Source: Dow Jones Newswires
Oil production in Saudi Arabia, the world’s largest exporter of crude, rose to 9.310 million barrels a day in April, compared with 9.136 million barrels a day a month earlier, while exports edged 0.3% higher during the same period, official data showed Wednesday.
The kingdom exported 7.444 million barrels a day of crude oil and condensate in April, up from 7.420 million barrels a day in March, according to figures posted on the Joint Organization Data Initiative, or JODI, website.
JODI is supervised by the Riyadh-based International Energy Forum and shows data supplied directly by governments dating back to 2002.
Saudi Arabia used 378,000 barrels a day in power stations and water-desalination plants in April, down from the 441,000 barrels a day during the corresponding period in 2012 but up from the 368,000 barrels a day consumed a month earlier.
Saudi Arabia cut oil production by close to 5% in December in response to lower demand–chiefly from Asian customers, its deepest production cut in almost three years.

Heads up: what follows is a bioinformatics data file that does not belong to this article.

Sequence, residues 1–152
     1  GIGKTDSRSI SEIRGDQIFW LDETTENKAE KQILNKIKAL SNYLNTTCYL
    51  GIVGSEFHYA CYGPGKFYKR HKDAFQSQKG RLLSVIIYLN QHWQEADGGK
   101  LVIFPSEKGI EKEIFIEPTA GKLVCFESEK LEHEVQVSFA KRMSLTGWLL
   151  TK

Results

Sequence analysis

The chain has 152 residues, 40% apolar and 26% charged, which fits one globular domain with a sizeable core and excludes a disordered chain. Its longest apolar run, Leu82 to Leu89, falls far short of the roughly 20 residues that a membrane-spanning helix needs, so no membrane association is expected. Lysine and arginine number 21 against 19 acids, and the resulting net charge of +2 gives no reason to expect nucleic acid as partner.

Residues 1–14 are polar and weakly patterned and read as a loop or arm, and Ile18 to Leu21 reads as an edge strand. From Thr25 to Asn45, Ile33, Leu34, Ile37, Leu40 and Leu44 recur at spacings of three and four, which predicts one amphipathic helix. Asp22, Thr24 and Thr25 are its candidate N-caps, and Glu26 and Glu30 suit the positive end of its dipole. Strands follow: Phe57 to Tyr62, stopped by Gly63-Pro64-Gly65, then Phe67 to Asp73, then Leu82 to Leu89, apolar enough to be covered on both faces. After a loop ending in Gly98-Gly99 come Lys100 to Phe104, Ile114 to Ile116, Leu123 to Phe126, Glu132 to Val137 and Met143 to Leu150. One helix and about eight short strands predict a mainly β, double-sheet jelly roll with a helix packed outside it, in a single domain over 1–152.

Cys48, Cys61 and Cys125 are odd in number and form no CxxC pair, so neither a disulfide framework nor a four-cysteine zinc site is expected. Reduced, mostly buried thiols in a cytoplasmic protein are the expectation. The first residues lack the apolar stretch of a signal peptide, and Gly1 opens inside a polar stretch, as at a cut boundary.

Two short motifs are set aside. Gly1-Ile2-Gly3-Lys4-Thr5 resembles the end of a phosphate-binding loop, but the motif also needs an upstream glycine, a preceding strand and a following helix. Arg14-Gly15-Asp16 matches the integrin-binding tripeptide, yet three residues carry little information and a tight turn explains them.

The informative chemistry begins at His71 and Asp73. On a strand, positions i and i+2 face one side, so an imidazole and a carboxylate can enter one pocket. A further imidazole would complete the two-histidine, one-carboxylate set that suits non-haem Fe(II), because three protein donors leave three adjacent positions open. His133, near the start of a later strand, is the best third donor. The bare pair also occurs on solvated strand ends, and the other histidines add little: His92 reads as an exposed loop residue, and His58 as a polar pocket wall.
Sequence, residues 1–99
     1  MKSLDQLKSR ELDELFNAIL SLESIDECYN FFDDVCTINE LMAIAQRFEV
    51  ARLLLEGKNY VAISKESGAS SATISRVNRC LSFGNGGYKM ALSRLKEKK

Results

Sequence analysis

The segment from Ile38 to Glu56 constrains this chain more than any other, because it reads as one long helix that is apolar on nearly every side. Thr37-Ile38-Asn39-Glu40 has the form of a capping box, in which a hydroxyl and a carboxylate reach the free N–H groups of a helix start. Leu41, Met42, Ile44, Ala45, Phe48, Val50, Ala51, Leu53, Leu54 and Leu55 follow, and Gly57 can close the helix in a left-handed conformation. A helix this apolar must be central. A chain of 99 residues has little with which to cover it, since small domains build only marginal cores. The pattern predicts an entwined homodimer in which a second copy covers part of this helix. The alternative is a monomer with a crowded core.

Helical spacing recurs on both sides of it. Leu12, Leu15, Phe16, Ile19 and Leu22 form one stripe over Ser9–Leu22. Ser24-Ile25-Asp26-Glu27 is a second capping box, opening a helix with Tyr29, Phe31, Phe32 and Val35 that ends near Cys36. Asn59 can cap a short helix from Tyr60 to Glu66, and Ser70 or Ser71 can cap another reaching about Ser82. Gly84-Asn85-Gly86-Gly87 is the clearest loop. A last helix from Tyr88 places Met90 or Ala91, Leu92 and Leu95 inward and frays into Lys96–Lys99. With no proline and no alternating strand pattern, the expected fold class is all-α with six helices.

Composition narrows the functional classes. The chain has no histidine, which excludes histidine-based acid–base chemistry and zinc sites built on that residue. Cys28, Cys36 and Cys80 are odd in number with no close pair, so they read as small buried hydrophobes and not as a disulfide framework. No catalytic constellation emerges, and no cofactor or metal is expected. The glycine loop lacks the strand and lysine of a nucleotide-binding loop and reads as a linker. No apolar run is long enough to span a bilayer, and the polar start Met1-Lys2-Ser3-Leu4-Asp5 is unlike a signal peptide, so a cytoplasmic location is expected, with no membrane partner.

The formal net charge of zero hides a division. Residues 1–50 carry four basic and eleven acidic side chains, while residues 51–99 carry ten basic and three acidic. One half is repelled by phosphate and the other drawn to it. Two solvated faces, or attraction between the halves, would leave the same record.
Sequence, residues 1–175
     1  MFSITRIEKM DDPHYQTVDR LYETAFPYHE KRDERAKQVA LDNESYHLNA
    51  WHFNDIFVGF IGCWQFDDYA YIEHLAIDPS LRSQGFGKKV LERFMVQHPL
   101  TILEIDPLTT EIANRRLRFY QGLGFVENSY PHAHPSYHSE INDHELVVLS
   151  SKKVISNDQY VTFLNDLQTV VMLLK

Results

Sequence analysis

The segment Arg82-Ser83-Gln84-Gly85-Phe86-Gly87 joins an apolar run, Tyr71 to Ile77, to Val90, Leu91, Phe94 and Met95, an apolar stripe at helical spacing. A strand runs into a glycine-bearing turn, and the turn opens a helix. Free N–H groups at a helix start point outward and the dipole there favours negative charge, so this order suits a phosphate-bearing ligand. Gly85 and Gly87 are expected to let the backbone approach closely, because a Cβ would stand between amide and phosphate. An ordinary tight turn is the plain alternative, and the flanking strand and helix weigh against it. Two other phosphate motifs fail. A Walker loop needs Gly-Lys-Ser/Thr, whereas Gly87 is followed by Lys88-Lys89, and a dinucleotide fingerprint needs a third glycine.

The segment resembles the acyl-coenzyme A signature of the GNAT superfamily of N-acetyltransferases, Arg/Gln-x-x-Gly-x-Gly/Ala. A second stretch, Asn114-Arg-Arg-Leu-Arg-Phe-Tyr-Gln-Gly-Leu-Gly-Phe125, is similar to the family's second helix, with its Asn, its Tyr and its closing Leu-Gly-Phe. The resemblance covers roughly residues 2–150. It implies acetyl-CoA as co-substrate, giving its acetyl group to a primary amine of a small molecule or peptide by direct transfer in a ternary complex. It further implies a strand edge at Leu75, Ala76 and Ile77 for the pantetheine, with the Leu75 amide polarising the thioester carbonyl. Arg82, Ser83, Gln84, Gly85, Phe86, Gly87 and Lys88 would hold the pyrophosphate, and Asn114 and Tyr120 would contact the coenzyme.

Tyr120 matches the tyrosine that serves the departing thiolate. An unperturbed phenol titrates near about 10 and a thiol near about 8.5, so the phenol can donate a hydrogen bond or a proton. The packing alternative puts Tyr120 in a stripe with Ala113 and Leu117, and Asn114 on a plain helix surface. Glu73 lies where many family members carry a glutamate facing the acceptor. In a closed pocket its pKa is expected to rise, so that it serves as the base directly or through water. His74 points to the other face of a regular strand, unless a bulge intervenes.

It has repeatedly stated its commitment to meet all requests for oil from customers.
In May the kingdom raised production by 3% to 9.6 million barrels a day from a month earlier on the back of higher demand. Supplies to the market increased to 9.6 million barrels per day from 9.16 million barrels per day in April, people close to the Saudis’ thinking said earlier this month.
The kingdom’s largest unlisted lender, National Commercial Bank, said in a note that the state’s average crude production may fall by 400,000 barrels a day in 2013 as it curbs supply to meet the OPEC’s output target. It is expected to produce around 9.5 million barrels a day on average this year, compared with 9.92 million barrels a day in 2012, the Jeddah-based bank said.
Last month OPEC kept its oil production ceiling at 30 million barrels a day in a widely expected move that members described as an easy decision. But concerns about the growing threat from shale oil overshadowed the group’s otherwise smooth meeting.
U.S. oil production has risen to a 21-year high on the back of oil unearthed from shale rock formations beneath the plains of Texas and North Dakota.
OPEC’s own analysts forecast that demand for its oil will fall by 400,000 barrels a day this year.